- Rating: 96 out of 100
- Tasting Fee: $0
- Accepts Reservations: No
- Reservation Required: false
The thing I love about Alsace is that most of the production comes from small, family-owned wineries. This can be seen as a double-edged sword because while the styles and varieties on the market can be very different, the quality of production can be very different too. Luckily, that isn’t really an issue in Alsace as the quality is consistently pretty high across the board. Though you do find some wineries that just seem to be on another level. Bott Freres may be my favorite winery in all of Alsace when you factor in the that none of the wines I tasted were above 20 Euros. The Quality-Price Ratio (QPR) here is just astounding. I know that is a strong statement and I truly hope that gets you to visit the winery if you ever find yourself in the Alsace region.
If it hadn’t been for my waiter at lunch, I might not have discovered Bott Freres! I hadn’t seen the winery during my earlier walk through the city center. Unlike many wineries in the Alsace region, the storefront for Bott Freres isn’t along the main street in town, nor does it have a huge building or signs in town pointing to it like Cave du Ribeauville or Domaine Trimbach. You need to walk a little ways (half a mile) off the main street to find the storefront. During my walk, I was a bit unlucky because the skies opened up and it felt like the city was going to flood for a good ten minutes.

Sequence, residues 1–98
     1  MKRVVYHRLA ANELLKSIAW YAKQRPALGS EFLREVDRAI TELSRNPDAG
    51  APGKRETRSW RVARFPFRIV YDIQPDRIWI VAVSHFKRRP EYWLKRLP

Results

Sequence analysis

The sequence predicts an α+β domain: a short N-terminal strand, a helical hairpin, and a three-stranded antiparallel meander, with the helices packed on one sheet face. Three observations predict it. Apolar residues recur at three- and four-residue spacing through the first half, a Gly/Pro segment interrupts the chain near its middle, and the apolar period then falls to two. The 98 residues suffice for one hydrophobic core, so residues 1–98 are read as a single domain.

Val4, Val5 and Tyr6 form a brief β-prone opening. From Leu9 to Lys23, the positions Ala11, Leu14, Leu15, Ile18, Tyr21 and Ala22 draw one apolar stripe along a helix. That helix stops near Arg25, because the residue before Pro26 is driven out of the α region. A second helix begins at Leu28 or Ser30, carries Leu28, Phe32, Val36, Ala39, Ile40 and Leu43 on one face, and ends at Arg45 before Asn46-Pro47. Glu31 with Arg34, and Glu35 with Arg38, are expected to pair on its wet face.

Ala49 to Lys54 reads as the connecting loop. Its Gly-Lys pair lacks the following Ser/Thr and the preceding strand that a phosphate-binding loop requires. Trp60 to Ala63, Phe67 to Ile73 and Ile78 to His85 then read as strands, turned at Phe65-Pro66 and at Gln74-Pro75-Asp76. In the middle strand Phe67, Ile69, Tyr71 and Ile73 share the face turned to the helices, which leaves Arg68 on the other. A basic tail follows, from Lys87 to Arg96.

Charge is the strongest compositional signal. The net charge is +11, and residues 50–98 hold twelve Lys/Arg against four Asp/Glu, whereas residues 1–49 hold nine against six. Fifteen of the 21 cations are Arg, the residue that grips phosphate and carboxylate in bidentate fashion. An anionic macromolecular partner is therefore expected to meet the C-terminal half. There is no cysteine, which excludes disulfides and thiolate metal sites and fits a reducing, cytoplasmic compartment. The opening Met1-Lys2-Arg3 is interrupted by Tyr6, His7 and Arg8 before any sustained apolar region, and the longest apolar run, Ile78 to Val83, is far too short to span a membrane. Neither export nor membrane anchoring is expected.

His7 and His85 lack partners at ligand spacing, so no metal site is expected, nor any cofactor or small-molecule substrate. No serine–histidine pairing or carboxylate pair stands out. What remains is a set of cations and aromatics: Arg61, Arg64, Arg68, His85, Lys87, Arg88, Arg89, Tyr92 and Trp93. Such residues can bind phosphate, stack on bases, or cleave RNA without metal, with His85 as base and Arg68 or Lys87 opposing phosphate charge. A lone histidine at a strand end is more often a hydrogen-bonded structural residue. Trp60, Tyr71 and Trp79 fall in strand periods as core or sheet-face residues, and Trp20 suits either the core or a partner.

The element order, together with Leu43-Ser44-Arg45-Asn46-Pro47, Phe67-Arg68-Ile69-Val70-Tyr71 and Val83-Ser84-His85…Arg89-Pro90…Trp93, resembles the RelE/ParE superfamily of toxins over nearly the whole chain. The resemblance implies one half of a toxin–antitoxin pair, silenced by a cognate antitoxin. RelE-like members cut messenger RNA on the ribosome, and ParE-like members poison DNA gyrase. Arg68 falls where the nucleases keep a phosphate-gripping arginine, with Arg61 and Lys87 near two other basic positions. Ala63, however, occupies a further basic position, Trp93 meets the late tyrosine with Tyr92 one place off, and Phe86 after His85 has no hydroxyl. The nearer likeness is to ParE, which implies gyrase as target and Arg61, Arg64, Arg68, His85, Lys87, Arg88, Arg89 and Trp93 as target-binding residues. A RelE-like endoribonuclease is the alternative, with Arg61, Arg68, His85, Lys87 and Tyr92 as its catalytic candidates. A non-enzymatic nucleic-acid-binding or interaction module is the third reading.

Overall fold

I was a bit of a mess upon my arrival, but Gladys (their wine ambassador) was kind enough to find me a towel so I could clean myself up as much as possible. Having done so, I started telling her my story and explaining why I had no vehicle with me… As we chatted, we started nerding out about all things wine and she was happy to share more details about Alsace that I hadn’t picked up from other wineries, hence the picture with the map above. Gladys hadn’t traveled outside the country yet, but I think she was paying it forward to a wine traveler and took the extra time to discuss why she decided to join Bott Freres over any other winery. It turns out she had joined the wine business straight out of high school and while her parents own a vineyard, they sell the fruit they cultivate to bigger wineries. It’s too bad we didn’t swap contact info - her dreams of getting into the production side of the industry are very similar to my own.